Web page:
dc.description.abstract Background: Pharmaceuticals are responsible for a substantial percentage of the total cost of health care and continue to exceed economic growth and inflation. Generic medicines play an important role in limiting this expenditure, and consequently there is an international drive to implement pro - generic policies particularly in high income countries. One such policy is generic medicine reference pricing (GRP). Generic reference pricing sets a fixed maximum reimbursement amount for clusters of bio - equivalent drugs without placing any restrictions on the manufacturers' price. Numerous studies have been conducted in high income countries to analyse the impact of generic reference pricing; however, the impact of this reference pricing in low - to - middle income countries (LMIC s) is not well established. Objective: This dissertation aims to address this lack of information in LMICs by providing empirical aggregated claims data on the impact of generic reference pricing on price, expenditure, utilisation and out - of - pocket (OOP) p ayments in a sector of South Africa's private health insurance industry. Methods: This time series intervention study of retrospective claim - level secondary data analyses the impact of one of several generic reference pricing models applied by various private medical insurance companies in South Africa. Criteria applied for the selection of referenced categories and sample claims data intend to maximize the data set as well as the analysis period, while minimizing confounders such as medical insurance member variation and specific managed care policies. The impact of the reference price on variables of drug price, drug expenditure, market share and out - of - pock et payment is measured by analysing changes in the originator, 'authorised generic' ('clone') and generic drugs within each cluster. (An 'authorised generic' (AG) is an exact copy of the originator, approved as a brand - name drug under a patent protection but marketed as a generic.) Results: Two referenced priced categories (Desloratadine and Clopidogrel) and a population of approximately 100,000 were identified as being eligible for inclusion. An authorised generic was launched for Clopidogrel but not for Desloratadine. The implementation of generic reference pricing appears to have had no or minimal impact on the price of the originator and authorised generic - at the end of the study period the price of the originator drugs of the two categories was 268% and 86% higher than the reference and the authorised generic of Clopidogrel was 69 % higher than the reference price. Most often the reference price appeared to be based on the price of a generic drug; however once the reference price was set other generics tended to align at or below the reference price. The implementation of generic reference pricing was associated with an overall increase in dispensed volumes and a decrease in expenditure for both categories; both categories' originator market share declined dramatically by volume (to 23% and 4%) and value (to 35% and 9 %). For Clopidogrel the authorised generic took the majority of market share (63% by volume and 68% by value); the generics only gained one third of the market, despite lower product prices and minimal co - payments. Desloratadine generics captured 80% of the market by the end of the study. For both categories there was no notable change in the total drug expenditure paid out - of - pocket across the study period. The percentage of drugs dispensed that had a co - payment decreased dramatically for Desloratadine, but were only seen to decrease marginally for Clopidogrel. Limitations: Due to the small sample and limited reference categories analysed, the findings from this study are not representative of the South African private healthcare sector and cannot be extrapolated to South Africa. In addition, any savings identified should take the expense of non - referenced alternatives into account. en_ZA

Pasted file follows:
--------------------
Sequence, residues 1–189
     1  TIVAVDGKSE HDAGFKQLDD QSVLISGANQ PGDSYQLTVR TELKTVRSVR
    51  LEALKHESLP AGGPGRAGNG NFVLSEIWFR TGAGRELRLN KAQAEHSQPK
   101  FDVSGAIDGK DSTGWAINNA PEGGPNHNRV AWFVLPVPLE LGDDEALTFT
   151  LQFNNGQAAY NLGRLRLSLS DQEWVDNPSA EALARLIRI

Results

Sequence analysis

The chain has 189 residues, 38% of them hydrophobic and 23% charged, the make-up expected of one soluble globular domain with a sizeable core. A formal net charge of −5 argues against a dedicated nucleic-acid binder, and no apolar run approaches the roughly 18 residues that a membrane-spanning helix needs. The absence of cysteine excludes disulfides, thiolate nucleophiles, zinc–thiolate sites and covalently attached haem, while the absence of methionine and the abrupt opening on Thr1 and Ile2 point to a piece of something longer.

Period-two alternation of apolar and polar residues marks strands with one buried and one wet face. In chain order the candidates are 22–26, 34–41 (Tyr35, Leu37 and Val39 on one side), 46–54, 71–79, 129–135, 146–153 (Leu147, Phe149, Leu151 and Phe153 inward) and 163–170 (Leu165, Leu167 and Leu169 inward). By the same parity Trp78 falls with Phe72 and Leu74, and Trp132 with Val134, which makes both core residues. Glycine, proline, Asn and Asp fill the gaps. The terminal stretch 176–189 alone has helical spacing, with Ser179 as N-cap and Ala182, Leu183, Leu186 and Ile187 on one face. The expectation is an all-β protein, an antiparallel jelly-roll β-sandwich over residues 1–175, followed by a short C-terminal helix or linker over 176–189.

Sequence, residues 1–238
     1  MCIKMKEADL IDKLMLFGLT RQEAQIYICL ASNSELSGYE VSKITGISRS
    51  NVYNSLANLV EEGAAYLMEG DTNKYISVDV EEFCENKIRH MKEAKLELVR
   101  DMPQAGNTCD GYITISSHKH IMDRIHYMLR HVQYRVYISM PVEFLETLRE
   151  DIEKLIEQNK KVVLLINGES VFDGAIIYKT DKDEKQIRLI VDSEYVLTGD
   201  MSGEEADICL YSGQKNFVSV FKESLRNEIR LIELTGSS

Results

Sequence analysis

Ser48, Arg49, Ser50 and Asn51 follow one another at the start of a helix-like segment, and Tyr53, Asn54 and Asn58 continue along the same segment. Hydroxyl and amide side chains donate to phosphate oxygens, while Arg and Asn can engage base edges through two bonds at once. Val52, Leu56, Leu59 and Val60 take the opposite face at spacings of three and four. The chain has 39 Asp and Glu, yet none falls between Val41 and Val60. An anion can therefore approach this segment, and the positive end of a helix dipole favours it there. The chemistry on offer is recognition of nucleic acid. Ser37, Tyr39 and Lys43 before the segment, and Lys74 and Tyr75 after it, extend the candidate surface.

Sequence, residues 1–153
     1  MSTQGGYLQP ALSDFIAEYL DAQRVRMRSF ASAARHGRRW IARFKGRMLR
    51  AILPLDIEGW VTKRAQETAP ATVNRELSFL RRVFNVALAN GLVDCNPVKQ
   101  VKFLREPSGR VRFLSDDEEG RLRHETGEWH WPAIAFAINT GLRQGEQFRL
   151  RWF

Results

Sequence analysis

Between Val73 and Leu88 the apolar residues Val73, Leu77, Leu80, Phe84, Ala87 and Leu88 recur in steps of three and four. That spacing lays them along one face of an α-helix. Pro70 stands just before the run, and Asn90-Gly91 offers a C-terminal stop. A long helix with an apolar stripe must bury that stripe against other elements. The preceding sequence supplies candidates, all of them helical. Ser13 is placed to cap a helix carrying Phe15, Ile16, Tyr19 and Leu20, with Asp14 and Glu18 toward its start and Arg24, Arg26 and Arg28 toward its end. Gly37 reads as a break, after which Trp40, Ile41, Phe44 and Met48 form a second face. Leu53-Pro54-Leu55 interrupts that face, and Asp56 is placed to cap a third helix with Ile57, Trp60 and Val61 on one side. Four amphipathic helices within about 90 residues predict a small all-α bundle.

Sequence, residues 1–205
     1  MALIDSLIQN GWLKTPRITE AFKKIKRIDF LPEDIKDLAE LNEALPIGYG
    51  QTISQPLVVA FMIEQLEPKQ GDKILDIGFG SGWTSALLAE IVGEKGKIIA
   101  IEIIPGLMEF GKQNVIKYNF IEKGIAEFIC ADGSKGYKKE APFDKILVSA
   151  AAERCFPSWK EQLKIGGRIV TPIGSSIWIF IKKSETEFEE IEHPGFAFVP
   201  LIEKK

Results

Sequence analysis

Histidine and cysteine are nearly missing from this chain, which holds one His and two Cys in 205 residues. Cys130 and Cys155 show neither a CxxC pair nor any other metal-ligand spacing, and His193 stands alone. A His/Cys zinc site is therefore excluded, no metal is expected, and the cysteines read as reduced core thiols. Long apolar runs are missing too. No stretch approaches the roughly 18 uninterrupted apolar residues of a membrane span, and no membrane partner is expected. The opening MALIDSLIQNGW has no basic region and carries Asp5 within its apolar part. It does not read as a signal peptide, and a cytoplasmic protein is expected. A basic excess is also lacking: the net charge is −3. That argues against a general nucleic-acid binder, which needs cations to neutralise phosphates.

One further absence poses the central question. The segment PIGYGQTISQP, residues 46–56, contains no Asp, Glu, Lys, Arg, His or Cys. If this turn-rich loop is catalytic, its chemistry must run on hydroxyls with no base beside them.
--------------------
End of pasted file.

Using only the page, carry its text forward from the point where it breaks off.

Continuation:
dc.language.iso eng en_ZA